Adobe exploit puts backdoor on computers

New exploit targeting Adobe is Trojan horse hiding JavaScript that drops a backdoor onto the compromised computer, Trend Micro says.

A new zero-day exploit targeting Adobe Reader, as well as 9.1.3 and earlier versions of Adobe Systems' Acrobat, drops a backdoor onto computers using JavaScript, Trend Micro researchers warned on Friday.

Trend Micro identified the exploit as a Trojan horse dubbed "Troj_Pidief.Uo" in a blog post. It arrives as a PDF file containing JavaScript-based malware, "Js_Agent.Dt," and then drops a backdoor called "Bkdr_Protux.Bd."

The exploit affects Microsoft Windows 98, ME, NT, 2000, XP, and Server 2003, according to Trend Micro.

The blog post provides technical details on how the malware works, specifically the activity of its shell code, the piece of code that delivers the payload. The JavaScript is used to execute arbitrary codes in a technique known as "heap spraying."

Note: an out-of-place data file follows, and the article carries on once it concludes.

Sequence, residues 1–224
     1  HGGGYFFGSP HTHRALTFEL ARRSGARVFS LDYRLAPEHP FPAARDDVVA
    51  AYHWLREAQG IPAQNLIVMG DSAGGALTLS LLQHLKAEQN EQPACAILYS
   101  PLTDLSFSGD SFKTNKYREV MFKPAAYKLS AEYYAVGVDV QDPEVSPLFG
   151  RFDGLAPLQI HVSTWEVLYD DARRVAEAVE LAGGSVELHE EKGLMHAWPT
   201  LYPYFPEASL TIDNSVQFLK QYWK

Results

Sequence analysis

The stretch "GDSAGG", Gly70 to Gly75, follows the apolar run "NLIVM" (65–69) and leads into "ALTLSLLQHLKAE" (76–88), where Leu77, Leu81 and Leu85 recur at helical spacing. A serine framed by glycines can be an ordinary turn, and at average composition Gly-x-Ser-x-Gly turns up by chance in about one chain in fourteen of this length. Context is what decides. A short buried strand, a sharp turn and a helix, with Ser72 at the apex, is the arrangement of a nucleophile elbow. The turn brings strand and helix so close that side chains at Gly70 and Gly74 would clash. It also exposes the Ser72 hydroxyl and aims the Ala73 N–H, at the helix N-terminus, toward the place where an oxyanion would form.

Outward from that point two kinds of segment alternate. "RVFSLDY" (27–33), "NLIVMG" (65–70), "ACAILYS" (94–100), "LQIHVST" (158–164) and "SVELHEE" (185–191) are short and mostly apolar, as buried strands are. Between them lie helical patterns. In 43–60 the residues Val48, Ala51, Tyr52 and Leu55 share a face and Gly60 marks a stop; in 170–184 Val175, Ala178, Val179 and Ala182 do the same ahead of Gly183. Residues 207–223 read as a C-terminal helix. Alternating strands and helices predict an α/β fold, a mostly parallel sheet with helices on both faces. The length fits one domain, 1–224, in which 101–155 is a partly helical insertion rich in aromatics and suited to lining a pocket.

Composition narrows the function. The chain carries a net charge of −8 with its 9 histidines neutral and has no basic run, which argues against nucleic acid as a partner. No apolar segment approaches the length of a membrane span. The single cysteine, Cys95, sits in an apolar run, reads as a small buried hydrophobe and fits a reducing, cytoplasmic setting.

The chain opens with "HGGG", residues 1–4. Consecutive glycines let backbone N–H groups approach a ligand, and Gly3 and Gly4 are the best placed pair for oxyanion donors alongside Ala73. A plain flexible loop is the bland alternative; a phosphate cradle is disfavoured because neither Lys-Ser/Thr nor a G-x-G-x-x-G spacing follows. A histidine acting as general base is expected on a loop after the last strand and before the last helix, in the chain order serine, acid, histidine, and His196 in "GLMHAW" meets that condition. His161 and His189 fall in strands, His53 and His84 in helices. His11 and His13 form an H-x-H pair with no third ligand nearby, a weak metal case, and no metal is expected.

"Based on our findings, the shell code (that was heap-sprayed) jumps to another shell code inside the PDF file" before extracting and executing the backdoor, Trend Micro said. The backdoor "is also embedded in the PDF file and not the usual file downloaded from the Web."

Variants of the Protux backdoor typically provide an attacker unrestricted user-level access to a compromised machine and previously exploited vulnerabilities in Microsoft Office files, according to Trend Micro.

Adobe announced on Thursday that it would release an update to fix the hole on Tuesday, the same day as Microsoft's Patch Tuesday.

This screenshot shows the embedded executable file in the PDF file, after it has been decrypted. Trend Micro

 

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